Bioabsorbable Implants Leave Nothing Behind but Healing Thanks to Polymers

Who doesn’t want to make a mark in the world, to leave something behind that makes life better for someone else? Except sometimes, the best mark you can make is to leave behind nothing at all. That’s definitely the case when you’re making a difference by developing, manufacturing or using bioabsorbable implants.136341_073608

If you’ve ever had an injury or surgical incision closed with dissolving stitches, you’ve personally experienced bioabsorbable polymers in action in a health-care application. The advantages are pretty impressive: healing occurs without the need for a doctor to remove a foreign body – the stitches – later on. And nothing gets left behind in the body except healthy, healed tissue. It’s not just a question of comfort and convenience either; surgical and medical implants made of bioabsorbable polymers can help patients avoid infection and pain, and aid health-care practitioners in achieving the best possible treatment outcomes.

Bioabsorbable implants are currently used in a number of health-care functions, including repairing fractures, soft-tissue fixation (such as ligament repair), and cardiac and renal applications (such as stents)[1]. Such implants support the gradual healing of bone, vessels and tissues, while avoiding the complications metal implants may present during post-operative radiographic evaluations. Eliminating the need to remove hardware after treatment allows patients to avoid painful secondary procedures that may also elevate the risk of infection. In cardiac applications, bioabsorbable stents can also deliver vital, time-released medications. And researchers are working on a biodegradable implant that can deliver drugs directly to an injured or diseased area of the body, such as chemotherapy medicine to a cancerous tumor.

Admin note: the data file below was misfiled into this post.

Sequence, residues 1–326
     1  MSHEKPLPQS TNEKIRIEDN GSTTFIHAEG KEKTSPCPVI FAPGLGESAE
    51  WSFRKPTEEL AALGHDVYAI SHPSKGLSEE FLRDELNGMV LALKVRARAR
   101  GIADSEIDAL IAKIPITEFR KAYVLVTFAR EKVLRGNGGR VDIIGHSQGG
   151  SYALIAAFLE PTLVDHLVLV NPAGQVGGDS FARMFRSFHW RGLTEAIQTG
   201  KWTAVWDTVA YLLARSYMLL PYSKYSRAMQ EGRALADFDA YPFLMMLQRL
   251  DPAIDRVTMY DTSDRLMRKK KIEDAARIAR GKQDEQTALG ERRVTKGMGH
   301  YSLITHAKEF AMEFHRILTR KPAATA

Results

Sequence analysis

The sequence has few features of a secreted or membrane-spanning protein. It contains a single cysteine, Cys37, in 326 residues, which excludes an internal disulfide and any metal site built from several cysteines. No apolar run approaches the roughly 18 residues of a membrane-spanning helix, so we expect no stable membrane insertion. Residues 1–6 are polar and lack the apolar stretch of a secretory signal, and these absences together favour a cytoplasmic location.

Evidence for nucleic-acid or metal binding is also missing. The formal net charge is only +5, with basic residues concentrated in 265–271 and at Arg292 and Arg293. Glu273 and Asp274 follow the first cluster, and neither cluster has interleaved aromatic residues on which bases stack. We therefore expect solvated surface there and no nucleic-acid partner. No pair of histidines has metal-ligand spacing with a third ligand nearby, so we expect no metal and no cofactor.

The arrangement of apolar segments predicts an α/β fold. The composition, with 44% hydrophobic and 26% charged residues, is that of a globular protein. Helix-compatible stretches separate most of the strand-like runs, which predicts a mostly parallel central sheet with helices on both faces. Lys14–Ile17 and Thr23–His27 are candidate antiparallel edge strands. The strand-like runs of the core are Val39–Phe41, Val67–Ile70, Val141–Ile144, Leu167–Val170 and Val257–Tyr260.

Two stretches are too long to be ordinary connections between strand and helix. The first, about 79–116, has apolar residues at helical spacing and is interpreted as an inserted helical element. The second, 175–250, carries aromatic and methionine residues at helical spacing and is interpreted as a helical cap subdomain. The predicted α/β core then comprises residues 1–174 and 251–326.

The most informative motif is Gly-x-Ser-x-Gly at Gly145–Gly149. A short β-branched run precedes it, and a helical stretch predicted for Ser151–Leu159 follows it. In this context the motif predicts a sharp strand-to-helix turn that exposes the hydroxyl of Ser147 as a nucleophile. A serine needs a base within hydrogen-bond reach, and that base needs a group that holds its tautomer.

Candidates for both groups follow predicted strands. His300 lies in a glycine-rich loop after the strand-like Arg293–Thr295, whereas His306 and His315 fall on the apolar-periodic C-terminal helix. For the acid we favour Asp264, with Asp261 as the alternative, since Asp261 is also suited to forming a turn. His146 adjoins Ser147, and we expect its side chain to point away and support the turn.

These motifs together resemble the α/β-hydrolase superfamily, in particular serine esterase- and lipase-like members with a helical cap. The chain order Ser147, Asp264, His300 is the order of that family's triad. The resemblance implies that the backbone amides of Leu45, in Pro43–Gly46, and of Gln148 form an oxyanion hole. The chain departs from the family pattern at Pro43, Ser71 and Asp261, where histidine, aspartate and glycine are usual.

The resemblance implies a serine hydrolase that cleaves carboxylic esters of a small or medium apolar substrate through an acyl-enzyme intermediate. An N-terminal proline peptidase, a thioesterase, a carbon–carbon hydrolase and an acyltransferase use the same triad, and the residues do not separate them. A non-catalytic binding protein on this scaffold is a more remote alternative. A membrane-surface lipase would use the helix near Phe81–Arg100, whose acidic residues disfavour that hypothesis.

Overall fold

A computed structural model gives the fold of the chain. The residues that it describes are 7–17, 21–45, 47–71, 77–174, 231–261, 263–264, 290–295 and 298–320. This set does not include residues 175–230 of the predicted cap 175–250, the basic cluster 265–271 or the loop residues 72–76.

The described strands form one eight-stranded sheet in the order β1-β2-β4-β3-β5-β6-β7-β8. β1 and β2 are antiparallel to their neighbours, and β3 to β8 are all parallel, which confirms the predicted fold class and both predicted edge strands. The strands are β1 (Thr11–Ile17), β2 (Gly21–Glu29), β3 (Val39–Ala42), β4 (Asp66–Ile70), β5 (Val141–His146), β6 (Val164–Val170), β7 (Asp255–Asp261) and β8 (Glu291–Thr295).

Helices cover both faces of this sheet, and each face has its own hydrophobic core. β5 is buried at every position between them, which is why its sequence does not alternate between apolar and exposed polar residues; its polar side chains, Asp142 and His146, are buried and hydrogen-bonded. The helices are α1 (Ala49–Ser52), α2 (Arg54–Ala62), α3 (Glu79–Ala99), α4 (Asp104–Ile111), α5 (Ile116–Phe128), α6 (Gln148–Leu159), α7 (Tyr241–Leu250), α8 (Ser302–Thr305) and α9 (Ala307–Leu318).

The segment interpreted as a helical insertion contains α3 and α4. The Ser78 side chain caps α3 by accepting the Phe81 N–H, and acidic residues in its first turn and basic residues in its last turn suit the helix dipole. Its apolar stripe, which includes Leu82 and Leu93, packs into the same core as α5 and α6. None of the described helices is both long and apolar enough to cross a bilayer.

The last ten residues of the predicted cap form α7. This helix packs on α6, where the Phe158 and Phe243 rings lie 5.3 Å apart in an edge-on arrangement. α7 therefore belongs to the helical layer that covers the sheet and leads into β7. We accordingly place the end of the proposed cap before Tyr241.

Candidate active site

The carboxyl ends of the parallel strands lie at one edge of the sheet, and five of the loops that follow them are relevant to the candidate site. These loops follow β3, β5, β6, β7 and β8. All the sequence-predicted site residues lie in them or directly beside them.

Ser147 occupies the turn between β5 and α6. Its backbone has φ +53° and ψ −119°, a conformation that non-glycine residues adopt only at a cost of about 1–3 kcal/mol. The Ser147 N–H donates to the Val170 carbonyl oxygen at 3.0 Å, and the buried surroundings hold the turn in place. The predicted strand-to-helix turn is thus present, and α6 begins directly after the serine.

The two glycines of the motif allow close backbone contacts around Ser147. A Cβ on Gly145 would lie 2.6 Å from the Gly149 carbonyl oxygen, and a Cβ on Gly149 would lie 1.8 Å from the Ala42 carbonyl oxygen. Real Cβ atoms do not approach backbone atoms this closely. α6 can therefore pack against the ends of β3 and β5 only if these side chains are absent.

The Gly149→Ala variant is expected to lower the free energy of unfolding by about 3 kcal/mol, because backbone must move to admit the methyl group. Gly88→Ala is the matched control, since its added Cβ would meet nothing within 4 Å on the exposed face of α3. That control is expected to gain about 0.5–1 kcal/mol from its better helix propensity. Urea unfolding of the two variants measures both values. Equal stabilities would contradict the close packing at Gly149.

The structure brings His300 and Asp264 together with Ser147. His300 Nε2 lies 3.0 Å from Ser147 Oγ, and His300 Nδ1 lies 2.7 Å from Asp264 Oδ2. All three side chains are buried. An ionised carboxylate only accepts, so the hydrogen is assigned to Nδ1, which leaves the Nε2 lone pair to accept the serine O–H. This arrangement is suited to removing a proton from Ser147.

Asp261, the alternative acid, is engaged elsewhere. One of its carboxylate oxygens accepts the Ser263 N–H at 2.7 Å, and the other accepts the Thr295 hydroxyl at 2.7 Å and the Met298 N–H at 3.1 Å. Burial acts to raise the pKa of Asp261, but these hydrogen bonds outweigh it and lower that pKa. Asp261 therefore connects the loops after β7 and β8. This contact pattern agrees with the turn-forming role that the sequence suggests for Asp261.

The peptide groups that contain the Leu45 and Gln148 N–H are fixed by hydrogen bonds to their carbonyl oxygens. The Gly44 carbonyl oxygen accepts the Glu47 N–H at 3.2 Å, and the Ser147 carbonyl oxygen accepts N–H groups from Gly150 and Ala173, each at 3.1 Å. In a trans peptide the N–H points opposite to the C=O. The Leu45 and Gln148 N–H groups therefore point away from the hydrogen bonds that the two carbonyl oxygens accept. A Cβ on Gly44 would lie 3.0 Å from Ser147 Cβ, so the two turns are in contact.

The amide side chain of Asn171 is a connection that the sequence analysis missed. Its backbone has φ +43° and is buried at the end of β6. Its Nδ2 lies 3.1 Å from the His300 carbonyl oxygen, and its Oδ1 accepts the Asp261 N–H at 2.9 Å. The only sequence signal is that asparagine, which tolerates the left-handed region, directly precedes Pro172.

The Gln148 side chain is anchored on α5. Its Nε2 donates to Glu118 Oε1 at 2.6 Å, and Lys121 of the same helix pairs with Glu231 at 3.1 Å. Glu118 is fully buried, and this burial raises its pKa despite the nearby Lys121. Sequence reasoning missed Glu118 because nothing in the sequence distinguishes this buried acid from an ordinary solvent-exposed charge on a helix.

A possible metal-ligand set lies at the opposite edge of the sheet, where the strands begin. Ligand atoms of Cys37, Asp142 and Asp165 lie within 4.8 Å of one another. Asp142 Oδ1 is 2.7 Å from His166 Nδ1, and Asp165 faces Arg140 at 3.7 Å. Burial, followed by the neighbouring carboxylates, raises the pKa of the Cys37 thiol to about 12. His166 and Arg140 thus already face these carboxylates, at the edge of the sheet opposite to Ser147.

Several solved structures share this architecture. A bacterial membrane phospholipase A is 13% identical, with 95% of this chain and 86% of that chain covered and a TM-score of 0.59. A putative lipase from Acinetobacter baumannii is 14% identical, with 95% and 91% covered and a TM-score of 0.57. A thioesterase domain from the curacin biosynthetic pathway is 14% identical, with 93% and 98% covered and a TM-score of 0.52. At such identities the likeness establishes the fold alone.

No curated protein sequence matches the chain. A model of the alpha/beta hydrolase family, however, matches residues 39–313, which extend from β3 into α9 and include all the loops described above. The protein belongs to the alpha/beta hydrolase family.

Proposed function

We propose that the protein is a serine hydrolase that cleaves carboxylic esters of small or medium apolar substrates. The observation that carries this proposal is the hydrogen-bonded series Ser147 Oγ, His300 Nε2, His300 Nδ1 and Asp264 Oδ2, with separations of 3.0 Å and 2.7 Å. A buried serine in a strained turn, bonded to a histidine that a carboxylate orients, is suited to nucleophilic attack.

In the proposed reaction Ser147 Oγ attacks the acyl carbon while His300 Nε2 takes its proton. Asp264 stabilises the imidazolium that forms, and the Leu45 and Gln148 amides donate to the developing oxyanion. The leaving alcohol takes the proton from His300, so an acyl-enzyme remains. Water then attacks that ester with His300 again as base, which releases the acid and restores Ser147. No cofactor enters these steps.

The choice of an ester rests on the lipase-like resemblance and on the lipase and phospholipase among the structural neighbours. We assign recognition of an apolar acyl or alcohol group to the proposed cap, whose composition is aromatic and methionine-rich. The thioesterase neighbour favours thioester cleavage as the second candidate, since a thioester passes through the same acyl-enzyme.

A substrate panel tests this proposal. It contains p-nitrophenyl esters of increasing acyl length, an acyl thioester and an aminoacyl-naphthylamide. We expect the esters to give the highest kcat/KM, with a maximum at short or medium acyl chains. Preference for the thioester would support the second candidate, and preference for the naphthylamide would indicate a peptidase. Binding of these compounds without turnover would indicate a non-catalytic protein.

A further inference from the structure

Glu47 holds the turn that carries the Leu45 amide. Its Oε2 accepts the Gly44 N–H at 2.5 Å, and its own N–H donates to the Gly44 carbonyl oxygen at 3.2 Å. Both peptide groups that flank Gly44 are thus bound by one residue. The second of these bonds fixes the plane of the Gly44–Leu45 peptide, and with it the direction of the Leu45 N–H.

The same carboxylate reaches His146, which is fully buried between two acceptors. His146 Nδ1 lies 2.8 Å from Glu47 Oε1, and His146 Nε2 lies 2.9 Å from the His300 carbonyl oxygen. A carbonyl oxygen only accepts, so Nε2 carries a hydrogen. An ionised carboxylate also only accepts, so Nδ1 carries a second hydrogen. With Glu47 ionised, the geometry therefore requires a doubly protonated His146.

Typically, alpha-polyesters or poly acids such as polylactic acid (PLA), polyglycolic acid (PGA) and polydioxanone (PDS) are used in creating bioabsorbable polymers[2], but research and development is on-going for new polymers that can be used in biomedical applications. To be effective in bioabsorbable implants, polymers must meet a number of criteria, including:

  • Biocompatibility
  • Molecular weight
  • Mechanical strength
  • Deliverability to the implant site
  • A predictable degradation process and reabsorption rate in the body

While stability is a key objective in development and analysis of polymers in a variety of applications, from food packaging to lubrication, bioabsorbable polymers are designed to change throughout their life cycle. That change and eventual degradation needs to occur in a predictable, controlled way that will ultimately leave nothing behind in a patient’s body. Several monomer types are involved in the creation of biodegradable copolymers, so designing, developing and analyzing these materials can be a challenge.

Polymer Solutions relies on a variety of characterization and release testing methods to analyze resorbable polymers and copolymers. We can customize tests for viscosity, molecular weight, residual monomers or solvents, degradation and aging, and a host of other factors. Bioabsorbable polymer testing can help predict how well an implant made from a specific polymer will perform its intended role in a surgical application – so that after treatment is done, nothing remains but a healthier, happier patient.